Speed of Electricity
Yesterday on 4BC Afternoons, Lindsay asked how fast does electricity travel? Really fast we all thought. Not so. Not so. Electricity travels at less than 1 cm per minute – it is practically crawling! An electrical wire works a lot like a water hose which is full of water and the gun on the nozzle is deactivated. As soon as you pull the trigger water gushes out. Electricity is a lot like that. All the electrons are lined up and are under voltage pressure waiting to be released. As soon as you flick a switch the electricity is released.
Loretta also wanted to know “Is dry cleaning really dry, and if so how does it clean your clothes?” Interesting question. I’m sure a lot of people don’t really know how it works. With dry cleaning your clothes are immersed in a liquid (a solvent). The reason it is called dry, is the liquid is NOT “wet” with water.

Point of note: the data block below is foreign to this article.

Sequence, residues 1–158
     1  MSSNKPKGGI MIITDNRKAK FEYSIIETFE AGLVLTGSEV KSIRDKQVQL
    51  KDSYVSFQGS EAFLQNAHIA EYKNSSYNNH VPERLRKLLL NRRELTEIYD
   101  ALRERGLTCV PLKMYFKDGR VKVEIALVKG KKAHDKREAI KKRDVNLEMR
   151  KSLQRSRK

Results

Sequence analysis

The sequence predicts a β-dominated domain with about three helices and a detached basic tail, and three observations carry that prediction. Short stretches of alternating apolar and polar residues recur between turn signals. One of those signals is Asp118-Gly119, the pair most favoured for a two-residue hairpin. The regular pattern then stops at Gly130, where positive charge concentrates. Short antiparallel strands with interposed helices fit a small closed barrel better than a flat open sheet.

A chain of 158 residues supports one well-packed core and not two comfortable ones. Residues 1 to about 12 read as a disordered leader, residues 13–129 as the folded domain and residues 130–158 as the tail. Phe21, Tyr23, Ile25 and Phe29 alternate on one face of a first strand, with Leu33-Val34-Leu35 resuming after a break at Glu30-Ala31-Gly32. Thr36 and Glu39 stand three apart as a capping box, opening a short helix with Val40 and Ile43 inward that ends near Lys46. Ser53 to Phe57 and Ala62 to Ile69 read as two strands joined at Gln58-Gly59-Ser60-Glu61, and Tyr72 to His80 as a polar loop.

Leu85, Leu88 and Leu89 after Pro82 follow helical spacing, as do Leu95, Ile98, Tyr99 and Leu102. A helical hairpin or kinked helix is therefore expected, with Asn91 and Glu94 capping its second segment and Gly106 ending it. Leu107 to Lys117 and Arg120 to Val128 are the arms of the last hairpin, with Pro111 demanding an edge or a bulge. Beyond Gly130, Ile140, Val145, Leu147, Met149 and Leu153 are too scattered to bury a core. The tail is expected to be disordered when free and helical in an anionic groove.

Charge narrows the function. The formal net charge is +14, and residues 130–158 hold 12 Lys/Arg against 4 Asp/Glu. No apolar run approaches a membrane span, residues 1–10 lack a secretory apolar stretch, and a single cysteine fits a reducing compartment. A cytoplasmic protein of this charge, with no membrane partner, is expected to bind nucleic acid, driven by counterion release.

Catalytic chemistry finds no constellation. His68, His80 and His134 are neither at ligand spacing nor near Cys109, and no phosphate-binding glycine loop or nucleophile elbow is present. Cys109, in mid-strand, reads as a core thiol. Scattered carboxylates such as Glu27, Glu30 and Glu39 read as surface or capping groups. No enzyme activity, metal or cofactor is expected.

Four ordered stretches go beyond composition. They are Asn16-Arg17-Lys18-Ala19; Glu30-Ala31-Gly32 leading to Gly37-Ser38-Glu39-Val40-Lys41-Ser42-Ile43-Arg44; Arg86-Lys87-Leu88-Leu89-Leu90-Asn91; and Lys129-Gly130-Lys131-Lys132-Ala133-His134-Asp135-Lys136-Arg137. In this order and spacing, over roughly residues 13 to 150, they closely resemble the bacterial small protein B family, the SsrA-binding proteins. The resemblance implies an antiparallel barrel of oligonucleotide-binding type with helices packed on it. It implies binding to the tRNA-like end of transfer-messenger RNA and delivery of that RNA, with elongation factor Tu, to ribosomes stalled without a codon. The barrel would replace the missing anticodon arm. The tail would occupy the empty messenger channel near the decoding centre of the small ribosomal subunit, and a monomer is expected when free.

In the early days of dry cleaning the solvent used was often kerosene or gasoline. Today perchloroethylene is almost universally used. The clothes are washed in this solvent and then the solvent is recovered in an extractor so it can be reused and not evaporate into the atmosphere.
Here is a video showing the “Dry” cleaning process. Like me, you will probably be amazed to see that your clothes are all tumbling around in liquid. Who knew?
A little history of dry cleaning: Dry cleaning was discovered in the mid-19th century by French dye-works owner Jean Baptiste Jolly, who noticed that his tablecloth became cleaner after his maid spilled kerosene on it. He subsequently developed a service cleaning people’s clothes in this manner, which became known as “nettoyage à sec,” or “dry cleaning”.